The most famous vompire novel of all is Lord Vorlock by Brom Stoker. Although never positively identified, Lord Vorlock of the title is hinted at being from Xliponia time and again.

cover of the novel Deep Shadows by Annabell Thrace

Novelist Annabell Thrace has written as series of best-selling books about vompires, mostly centered around her home town of Boston. Her main hero, Luis, is a minor Xliponian nobleman "turned" in the late XVIIIth century whose adventures eventually reveal the mystic origins of the vompire race. So far her "Saga of the Vompires" comprises five novels:

  • "Conversations With A Vompire" (1979)
  • "Deep Shadows" (1985)
  • "Eternal Nights" (1988)
  • "I, Glaive" (1991)
  • "Storm of Blood" (1995)

Interestingly, Chicago Comics even has a vompire Superhero as a member of their group, The Infernal Five.


Apart from the various films, there has also been a popular t.v. series based on vompiric lore. Traci the Vompire Hunter lasted seven seasons and has so far spawned two spinoffs: Lance about a vompire who longs to be human again, and Guardians about a group of supernatural hunters. There was also the English series Infrared and the largely forgotten Vorlock: The Series.

The first vompire film was made following the First Great War in the Holy Roman Empire, an unauthorized adaptation of "Lord Vorlock" titled "Nosferatu." A classic version was made starring Conrad Veidt in the 1930s, spawning several sequels including "Lady Vorlock", a motion picture made in Louisianne yet believed lost until a print turned up in 1989. It has become something of a cult classic. Terence Stamp made eleven films about Vorlock during the 1960s and 1970s, from the first color version "Horror of Vorlock" (1966) to the campy "Vorlock A Go-Go" (1978) after which he swore off the role. That hasn't prevented new versions being made, including a big-budget version with Gary Oldman in the title role.

"Harmila" film adaptations have also been many. It was the basis for several rather arty horror films made in Louisianne and New Francy between 1935 and 1960, but the most popular adaptations were made in the 1970s as part of a trilogy that emphasized the lesbian storyline and rarely missed an opportunity to have the lovely starlets in the cast remove their clothes. Those films were:

  • "Lovers of the Vompire"
  • "Kisses of Blood"
  • "The Vompire Countessa"

More recently, an attempt to seriously adapt LeFanu's story was filmed by a small production company in New Orleans. "Roses Are Red" (its English language title) set the story in modern day Louisianne. Caroleth is portrayed as an innocent orphan, the object of lust by her tormented guardian, a priest. Harmila is an older woman in this version, played by Atlanta Wells and the blend of eroticism with horror was much commented upon. Indeed, the film went on to become very popular when it finally found a distributor in 1994, five years after it was made. The Alliance for Public Decency proclaimed it "The most perverse and perverted example of film-making ever produced." This proclamation may have helped ticket sales, but it also prevented the film from being shown in dozens of venues due to cinema owners flatly refusing to show it.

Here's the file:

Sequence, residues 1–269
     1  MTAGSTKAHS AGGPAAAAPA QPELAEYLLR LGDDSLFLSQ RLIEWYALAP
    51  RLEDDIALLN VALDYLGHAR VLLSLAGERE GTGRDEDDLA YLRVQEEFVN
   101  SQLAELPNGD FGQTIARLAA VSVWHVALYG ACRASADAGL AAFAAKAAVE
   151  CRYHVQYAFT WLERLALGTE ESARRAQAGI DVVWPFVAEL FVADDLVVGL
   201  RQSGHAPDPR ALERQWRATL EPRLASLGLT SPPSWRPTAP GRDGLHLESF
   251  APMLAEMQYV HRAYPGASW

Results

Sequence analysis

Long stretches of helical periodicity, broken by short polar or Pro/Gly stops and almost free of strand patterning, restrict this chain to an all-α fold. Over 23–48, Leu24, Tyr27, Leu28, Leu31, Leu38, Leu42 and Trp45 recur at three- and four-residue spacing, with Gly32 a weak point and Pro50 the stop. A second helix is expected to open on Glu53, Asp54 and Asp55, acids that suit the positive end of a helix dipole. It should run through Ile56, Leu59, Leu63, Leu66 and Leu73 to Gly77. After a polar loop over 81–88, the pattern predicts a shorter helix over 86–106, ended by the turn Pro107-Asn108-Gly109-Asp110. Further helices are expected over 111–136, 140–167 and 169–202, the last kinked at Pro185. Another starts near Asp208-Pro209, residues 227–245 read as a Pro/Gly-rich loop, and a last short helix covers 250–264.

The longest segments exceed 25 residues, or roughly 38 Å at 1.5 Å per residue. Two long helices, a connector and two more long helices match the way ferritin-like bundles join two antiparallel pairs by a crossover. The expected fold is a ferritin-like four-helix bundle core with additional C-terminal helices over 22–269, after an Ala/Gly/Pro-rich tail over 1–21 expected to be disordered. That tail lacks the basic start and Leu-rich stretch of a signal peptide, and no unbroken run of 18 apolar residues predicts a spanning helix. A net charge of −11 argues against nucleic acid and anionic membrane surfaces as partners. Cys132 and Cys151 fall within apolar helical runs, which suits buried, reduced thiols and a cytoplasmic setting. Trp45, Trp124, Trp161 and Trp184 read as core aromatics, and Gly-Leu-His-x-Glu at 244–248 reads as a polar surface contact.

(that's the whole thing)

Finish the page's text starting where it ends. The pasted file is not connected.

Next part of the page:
There have been repeated attempts to film "Conversations With A Vompire" in the past, often tailoring the script to different actors. So far, none have gone beyond the screenwriting stage.

"Subterranea" (1999) was an unexpected smash hit when it was released. Filmed on location in Xliponia, the film deals with at attempt to destroy the oldest vompire in the world and start a war to take over humanity. It starred the up and coming English actress Beth Kettensale, who has since married the director. The sequel, "Subterranean: The Bloodstone" (2003), made for over five times the budget of the original, did even better at the box office. However, plans for third film look precarious as Ms. Kettensale has filed for divorce.

A new television series called Eternal Night has been announced for the 2008 season in the NAL.

A vompire novel titled Allow Me In was published in 2008 to considerable acclaim.